Special Issue on Water Policy and Management in Spain
Water Policy and Management in Spain
Francisco González-Gómez, Miguel A. García-Rubio and Jorge Guardiola
The Challenges of Implementing the Water Framework Directive in Spain
Marta Moren-Abata and Ana Rodríguez-Roldánb
aGeneral Director of Water Resources, Ministry of Environment and Rural and Marine Affairs, Madrid, Spain; bHead of the Technical Support Office to the General Directorate of Water Resources, Ministry of Environment and Rural and Marine Affairs, Madrid, Spain
Contact: Ana Rodríguez-Roldán | Email: firstname.lastname@example.org
The paper analyses the challenges the Water Framework Directive represents for Spain. The main issues include the complexity of implementing water planning under the present institutional arrangements, the difficulties of putting into practice the principle of cost recovery, and the validation of the scientific criteria of the Directive in terms of water quality. In spite of the added difficulties resulting from the very rigid timeframe for the implementation of the Directive as well as the international economic crisis which has affected every economic and social sector in the country, the Directive is considered as an opportunity to modernize and improve water policy in Spain.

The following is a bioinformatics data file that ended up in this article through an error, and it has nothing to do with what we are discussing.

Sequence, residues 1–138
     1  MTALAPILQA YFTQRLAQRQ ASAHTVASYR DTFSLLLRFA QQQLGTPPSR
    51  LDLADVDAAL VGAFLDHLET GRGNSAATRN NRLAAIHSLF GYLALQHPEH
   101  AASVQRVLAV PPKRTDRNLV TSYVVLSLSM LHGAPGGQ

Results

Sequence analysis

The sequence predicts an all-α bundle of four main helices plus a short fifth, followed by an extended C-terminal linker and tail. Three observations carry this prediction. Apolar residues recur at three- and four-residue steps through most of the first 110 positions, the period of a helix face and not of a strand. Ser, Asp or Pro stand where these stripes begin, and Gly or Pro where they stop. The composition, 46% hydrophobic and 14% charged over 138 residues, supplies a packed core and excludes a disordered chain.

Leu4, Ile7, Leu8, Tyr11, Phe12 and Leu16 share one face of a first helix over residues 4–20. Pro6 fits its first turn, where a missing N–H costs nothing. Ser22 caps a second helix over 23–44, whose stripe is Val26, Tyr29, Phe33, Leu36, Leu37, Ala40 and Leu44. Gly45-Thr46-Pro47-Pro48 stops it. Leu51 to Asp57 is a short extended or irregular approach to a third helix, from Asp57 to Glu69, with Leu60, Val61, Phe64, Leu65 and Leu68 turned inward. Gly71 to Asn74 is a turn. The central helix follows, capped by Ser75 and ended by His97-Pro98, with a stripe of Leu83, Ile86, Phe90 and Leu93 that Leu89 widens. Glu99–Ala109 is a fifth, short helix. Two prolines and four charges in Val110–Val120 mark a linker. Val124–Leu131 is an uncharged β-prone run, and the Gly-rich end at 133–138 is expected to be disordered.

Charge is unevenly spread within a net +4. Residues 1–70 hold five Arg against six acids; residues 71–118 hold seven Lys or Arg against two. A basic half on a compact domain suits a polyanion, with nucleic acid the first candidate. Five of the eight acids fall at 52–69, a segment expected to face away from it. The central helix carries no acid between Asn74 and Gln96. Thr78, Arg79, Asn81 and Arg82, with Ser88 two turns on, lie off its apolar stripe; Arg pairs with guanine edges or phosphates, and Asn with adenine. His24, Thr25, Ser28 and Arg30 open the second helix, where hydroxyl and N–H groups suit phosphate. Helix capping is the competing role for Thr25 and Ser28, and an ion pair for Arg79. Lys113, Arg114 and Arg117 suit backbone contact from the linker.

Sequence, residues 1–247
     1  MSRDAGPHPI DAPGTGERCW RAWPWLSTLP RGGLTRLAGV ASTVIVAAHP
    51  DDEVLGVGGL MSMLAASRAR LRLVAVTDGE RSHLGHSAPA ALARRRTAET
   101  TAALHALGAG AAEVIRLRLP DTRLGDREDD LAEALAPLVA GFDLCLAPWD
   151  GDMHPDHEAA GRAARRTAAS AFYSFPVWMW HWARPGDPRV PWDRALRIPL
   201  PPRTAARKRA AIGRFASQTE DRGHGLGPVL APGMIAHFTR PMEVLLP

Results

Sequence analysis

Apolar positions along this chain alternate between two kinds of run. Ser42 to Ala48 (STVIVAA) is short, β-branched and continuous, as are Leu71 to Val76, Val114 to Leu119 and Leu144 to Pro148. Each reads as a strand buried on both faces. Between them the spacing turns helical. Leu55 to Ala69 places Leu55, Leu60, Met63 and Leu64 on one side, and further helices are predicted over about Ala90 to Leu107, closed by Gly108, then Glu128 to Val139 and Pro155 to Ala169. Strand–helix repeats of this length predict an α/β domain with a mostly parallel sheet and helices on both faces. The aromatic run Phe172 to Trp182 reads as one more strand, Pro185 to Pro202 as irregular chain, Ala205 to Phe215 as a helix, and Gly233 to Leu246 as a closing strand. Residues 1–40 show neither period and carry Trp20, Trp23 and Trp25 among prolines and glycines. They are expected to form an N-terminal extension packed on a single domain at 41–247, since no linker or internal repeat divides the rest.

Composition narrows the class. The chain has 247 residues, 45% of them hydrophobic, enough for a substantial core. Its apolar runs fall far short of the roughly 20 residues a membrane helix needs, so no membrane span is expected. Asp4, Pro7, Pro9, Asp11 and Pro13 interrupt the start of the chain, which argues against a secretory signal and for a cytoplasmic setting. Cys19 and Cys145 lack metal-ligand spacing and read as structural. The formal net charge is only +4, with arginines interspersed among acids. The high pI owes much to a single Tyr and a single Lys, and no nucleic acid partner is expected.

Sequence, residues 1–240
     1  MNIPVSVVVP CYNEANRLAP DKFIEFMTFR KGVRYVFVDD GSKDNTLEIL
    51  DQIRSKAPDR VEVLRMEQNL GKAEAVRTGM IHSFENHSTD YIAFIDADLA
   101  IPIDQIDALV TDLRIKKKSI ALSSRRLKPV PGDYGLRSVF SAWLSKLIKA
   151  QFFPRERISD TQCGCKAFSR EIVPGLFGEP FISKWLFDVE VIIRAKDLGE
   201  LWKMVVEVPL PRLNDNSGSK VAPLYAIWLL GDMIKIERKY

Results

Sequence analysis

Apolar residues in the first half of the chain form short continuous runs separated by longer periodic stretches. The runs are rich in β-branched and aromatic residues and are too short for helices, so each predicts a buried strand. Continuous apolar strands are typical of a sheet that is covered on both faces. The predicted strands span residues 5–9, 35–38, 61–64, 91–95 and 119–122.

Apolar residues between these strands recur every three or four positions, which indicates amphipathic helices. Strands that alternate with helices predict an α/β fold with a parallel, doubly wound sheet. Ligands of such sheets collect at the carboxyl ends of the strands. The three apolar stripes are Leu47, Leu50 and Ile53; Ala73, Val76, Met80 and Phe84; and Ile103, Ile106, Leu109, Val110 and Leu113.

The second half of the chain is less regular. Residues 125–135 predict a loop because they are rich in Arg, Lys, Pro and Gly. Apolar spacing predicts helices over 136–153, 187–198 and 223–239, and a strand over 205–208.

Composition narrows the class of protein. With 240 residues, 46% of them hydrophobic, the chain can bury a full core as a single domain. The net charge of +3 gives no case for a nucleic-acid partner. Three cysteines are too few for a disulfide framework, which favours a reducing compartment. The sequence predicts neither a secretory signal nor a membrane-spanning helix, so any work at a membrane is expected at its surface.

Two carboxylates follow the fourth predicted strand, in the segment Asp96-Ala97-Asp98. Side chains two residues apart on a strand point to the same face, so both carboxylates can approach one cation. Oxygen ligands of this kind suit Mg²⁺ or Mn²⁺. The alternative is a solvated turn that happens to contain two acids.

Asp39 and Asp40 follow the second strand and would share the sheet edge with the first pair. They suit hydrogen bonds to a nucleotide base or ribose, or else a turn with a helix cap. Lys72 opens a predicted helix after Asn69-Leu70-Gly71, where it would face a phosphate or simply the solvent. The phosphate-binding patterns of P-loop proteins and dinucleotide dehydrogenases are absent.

The European Water Framework Directive: A Framework?
Euro-Mediterranean Water Institute Foundation; Ecology and Hydrology Department, University of Murcia, Spain
Contact: Francisco Cabezas | Email: email@example.com
The European Water Framework Directive (Directive 2000/60/EC of the European Parliament and of the Council establishing a framework for the Community action in the field of water policy—in short, WFD) is probably the most ambitious and complex of all European environmental regulations. In Spain, and in some other countries, the idea has spread that the WFD involves a radical change of perspective and will obsolete the previous regulations about water. In my opinion, this mystification of the WFD is profoundly naive and reveals a lack of knowledge of history and an insufficient perspective on the global problem. In some sectors the WFD has generated a mirage and collective illusion, from which it must awaken if it wishes to advance, in an effective, non-rhetorical way, towards real improvements of the existing situation.